Charles “Black Bart” Bowles – The Poet Outlaw

 

Charles "Black Bart" Boles

Charles “Black Bart” Bowles

Charles E. Bowles aka: Black Bart was one of the most notorious stagecoach robbers to operate in northern California and southern Oregon. 

Also known as Charles Bolton and T.Z Spalding, Black Bart was considered a gentleman bandit with a reputation for style and sophistication.

Bowles was born in Norfolk England to John and Maria Bowles in 1829. When he was just two years old, he and his family immigrated to Jefferson County, New York, where his father purchased a farm four miles north of Plessis Village. Charley received a common school education as a child and when he grew up, he and a cousin named David set out for the goldfields of California in 1849. After spending the winter in Missouri they continued their trek to California arriving in 1850 and started mining at the north fork of the American River, near Sacramento.

After much hard work and no luck, the pair returned home in 1852. But, their stay was brief, and they, along with Charley’s older brother Robert soon returned to the California goldfields. Unfortunately, both David and Robert took ill soon after their arrival and died. Charles stayed on for two more years before returning east again. During the time he was gone he changed the spelling of his last name from Bowles to Boles. In 1854 he married Mary Elizabeth Johnson and the couple would eventually have four children and settle on a farm in Illinois.

Several years later when the Civil War erupted, Charles volunteered to join the Union Army in August 1862. He became a Sergeant the following year and was seriously wounded in the Battle of Vicksburg in May 1864. After his recovery, he returned to his unit and fought in the Battle of Atlanta. He received brevet commissions as both second lieutenant and first lieutenant, and on June 7, 1865, he was discharged with his regiment in Washington, D.C.

After the war, Charley returned home to Decatur, Illinois and started farming again, but it would not last for long. He soon made his way to Montana once again hoping to make his fortune in mining. While there, he located a small mine that he worked with a friend from Missouri. Somewhere along the line, several men connected with Wells Fargo tried to buy them out as they wanted the land upon which the mine was located. However, Charles and his friend refused to sell and before long his potential buyers cut off their water supply, which forced them to abandon the mine. At this time he wrote several letters home telling of his anger and frustration, and saying that he was going to take steps to correct his grievances. The last letter Mary Boles received from Charley was from Silver Bow, Montana, dated August 25, 1871. Though Charles had been in the habit of writing home often, the letters stopped. Months turned into years and when Mary heard a rumor that a party of travelers had been killed by Indians, she believed him to be dead.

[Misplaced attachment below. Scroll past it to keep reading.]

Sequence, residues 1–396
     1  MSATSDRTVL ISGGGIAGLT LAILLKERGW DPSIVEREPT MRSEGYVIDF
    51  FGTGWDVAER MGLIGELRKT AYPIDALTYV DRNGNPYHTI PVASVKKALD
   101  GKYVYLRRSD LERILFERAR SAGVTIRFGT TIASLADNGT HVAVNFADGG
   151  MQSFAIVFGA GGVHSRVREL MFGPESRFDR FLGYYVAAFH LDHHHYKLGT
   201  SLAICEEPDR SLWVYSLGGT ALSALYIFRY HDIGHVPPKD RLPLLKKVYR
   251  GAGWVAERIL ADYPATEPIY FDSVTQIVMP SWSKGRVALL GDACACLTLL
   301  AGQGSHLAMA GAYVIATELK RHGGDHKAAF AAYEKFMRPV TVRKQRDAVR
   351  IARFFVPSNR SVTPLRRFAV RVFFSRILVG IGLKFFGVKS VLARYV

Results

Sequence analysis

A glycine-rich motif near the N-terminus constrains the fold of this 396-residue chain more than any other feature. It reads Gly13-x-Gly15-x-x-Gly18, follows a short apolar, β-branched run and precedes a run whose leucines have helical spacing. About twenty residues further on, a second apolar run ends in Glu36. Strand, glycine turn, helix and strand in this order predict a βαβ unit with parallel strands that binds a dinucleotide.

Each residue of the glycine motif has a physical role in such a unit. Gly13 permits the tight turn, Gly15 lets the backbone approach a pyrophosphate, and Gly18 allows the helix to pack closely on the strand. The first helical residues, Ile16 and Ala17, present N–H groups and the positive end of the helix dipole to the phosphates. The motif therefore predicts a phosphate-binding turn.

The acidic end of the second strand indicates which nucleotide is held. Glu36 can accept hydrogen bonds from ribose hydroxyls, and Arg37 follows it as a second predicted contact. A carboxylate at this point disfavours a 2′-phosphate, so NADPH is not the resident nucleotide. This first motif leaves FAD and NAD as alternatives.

In the meantime, a “new” Charles appeared on the scene — an elegantly dressed man in his mid-fifties that went by the name of Charles Bolton. He was described as being 5 feet 8 inches tall with clear blue/grey eyes and a brushy mustache.

Stagecoach Robbery

Stagecoach Robbery

Nearly four years after he had written his last letter to his wife, this dapper middle-aged man robbed his first stagecoach on July 26, 1875. Along the Copperopolis and Milton Road in Calaveras County, California a small man, wearing a long linen duster with a  flour sack with holes that had been cut for eyes over his head, and a derby, jumped out from behind a large boulder and waved a shotgun at the driver. Speaking in a deep and resonant tone, the thief politely ordered the stage driver, a man named John Shine (later a U.S. marshal and a California state senator), to throw down the strongbox. When it appeared that the stage driver was hesitating, the robber said: “If he dares to shoot, give him the solid volley, boys.” Looking around quickly Shine noticed several rifle barrels pointed at him from the nearby bushes and quickly threw down the strongbox. In the meantime, a woman offered to surrender her purse, but the bandit declined, saying that he only wanted the Wells Fargo shipment.

As the driver and the passengers looked on, the outlaw hacked open the box and removed several bags of gold coins and a few express packages before fleeing the scene. Afterward, John Shine went to recover the empty strongbox and upon examining the area, he discovered that the “men with rifles” were actually carefully rigged sticks. The man soon to be known as “Black Bart” had committed his first robbery netting him $160.